Depending on the design envelope, the same can apply for electric motors in dedicated hybrid drives. These transmissions are usually designed in such a way that more axial installation space is provided for the electric motors, which rotate faster. Output levels of 80 to 140kW are common. Depending on the transmission and powertrain operating mode, these motors work together with the internal combustion engine as motors or generators, and their efficiency characteristics are optimised in accordance with the utilisation profile.

As a result of the all-electric driving modes of plug-in hybrids, their acoustic behaviour becomes a prominent factor. In many cases, the use of distributed windings is the right solution. To this end, Schaeffler has defined a second standard winding solution, for which the production machinery is also developed in-house. The method in question is bar wave winding, which Elmotec Statomat is constantly refining at its location in Karben. To provide a specific application, a traction machine was developed that has an overall axial length of 137mm and delivers 125kW of power and 310Nm of torque.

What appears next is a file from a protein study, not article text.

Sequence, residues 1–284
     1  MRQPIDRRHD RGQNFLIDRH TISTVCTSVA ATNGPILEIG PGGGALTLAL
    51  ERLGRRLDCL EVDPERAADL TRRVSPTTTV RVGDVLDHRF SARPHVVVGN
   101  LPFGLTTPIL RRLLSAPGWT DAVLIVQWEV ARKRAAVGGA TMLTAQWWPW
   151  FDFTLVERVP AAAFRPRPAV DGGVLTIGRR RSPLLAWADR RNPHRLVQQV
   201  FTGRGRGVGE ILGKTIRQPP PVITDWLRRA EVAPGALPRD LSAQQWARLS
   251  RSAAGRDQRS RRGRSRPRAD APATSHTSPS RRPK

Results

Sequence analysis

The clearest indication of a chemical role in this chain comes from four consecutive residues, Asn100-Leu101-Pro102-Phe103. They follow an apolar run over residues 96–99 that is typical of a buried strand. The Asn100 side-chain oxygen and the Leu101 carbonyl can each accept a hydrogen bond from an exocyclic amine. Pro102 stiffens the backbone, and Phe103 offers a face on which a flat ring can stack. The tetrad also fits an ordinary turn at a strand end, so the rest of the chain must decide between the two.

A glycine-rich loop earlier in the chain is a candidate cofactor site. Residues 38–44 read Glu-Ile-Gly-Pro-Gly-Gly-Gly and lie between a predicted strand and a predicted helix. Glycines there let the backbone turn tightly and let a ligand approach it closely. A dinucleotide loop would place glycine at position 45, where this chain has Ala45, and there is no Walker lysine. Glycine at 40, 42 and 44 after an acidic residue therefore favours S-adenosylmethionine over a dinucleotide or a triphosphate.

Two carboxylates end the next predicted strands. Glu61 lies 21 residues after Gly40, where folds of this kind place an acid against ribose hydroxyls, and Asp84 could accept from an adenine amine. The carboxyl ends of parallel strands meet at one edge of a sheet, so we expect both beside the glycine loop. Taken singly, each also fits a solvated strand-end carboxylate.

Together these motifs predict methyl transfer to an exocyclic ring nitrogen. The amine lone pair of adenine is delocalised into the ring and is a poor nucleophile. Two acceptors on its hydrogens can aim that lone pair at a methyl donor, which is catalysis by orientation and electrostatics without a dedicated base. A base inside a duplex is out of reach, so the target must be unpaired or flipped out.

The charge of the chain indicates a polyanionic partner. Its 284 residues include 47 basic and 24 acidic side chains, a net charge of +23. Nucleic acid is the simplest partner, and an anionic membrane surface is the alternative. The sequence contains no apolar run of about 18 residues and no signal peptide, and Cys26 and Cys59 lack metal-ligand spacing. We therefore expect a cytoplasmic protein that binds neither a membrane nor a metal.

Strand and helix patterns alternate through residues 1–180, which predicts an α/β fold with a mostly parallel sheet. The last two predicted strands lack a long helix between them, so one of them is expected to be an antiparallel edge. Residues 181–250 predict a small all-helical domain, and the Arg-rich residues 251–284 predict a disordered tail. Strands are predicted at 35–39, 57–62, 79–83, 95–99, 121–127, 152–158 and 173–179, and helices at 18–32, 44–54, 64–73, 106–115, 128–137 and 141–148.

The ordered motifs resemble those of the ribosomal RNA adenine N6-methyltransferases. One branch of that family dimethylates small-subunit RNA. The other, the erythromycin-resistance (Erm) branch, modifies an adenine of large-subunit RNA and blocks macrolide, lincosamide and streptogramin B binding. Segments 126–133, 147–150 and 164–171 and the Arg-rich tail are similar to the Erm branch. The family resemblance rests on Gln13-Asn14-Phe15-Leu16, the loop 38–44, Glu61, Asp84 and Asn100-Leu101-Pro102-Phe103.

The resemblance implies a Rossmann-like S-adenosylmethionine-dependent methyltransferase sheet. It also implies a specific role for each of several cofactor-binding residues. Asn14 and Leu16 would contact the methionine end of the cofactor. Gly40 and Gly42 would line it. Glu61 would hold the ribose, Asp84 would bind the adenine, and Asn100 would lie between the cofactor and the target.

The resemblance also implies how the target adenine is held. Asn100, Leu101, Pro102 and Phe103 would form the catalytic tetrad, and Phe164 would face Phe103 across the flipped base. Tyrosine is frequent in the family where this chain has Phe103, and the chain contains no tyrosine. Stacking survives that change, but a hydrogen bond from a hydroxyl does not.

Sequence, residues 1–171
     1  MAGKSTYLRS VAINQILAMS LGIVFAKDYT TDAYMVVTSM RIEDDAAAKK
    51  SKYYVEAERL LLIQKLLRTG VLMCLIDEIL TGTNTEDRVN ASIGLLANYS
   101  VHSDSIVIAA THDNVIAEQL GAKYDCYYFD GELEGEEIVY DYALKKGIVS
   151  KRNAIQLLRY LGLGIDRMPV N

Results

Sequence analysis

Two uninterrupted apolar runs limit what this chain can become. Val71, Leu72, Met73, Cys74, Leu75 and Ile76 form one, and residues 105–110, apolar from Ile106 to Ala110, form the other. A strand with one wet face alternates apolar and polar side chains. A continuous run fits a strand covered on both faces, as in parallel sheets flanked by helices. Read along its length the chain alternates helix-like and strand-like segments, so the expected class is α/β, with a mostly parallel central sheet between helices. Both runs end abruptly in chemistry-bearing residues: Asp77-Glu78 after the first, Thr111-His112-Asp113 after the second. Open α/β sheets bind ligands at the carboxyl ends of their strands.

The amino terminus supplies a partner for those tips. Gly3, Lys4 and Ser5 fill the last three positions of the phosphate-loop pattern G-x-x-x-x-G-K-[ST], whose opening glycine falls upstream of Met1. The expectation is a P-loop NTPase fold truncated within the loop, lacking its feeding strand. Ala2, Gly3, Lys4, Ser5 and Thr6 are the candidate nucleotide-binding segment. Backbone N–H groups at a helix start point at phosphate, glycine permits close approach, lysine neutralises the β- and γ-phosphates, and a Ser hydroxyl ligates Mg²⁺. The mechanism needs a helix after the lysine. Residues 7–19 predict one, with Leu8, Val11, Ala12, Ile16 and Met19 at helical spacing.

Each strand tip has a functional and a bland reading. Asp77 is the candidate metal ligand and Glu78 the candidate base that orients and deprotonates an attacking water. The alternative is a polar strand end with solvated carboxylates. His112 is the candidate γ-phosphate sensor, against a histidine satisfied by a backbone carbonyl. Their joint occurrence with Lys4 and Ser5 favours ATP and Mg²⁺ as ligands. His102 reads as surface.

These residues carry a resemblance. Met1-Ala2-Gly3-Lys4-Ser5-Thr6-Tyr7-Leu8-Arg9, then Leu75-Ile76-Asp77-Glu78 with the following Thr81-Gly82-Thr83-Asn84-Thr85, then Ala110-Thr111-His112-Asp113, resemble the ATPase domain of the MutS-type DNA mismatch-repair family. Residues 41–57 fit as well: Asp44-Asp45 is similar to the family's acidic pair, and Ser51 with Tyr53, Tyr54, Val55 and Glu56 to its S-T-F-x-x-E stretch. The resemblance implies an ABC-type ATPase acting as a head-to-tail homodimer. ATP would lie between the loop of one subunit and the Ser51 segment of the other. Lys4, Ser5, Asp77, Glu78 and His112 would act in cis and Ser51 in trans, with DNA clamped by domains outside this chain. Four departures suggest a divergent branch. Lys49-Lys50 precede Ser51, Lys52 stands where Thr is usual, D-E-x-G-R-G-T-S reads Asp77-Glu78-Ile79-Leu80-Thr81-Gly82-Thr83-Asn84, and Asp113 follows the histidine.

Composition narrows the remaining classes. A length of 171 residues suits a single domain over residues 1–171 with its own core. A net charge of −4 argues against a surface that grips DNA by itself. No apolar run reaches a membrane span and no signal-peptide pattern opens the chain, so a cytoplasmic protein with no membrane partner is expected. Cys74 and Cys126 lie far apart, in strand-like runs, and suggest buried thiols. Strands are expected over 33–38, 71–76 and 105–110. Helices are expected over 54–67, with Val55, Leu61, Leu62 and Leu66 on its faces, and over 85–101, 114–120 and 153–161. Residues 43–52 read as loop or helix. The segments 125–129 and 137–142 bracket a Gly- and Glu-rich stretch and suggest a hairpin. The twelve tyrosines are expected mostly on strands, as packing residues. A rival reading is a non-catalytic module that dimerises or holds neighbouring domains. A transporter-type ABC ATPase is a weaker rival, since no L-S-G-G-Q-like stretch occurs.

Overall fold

The portfolio is completed by a range of electric motors for driving electric axles. These cover both high-voltage 2 (400V) and high-voltage 3 (800V) ranges, and outputs of 100kW to 300kW are possible. If the system design permits, these motors are configured for high maximum speeds of up to 20,000rpm, which allows the advantages of bar wave winding to be fully utilised. The high number of stator grooves means that the temperature is lowered effectively and leads to a rotating field with a low number of harmonics. This results in two advantages: a high power density and an excellent level of efficiency.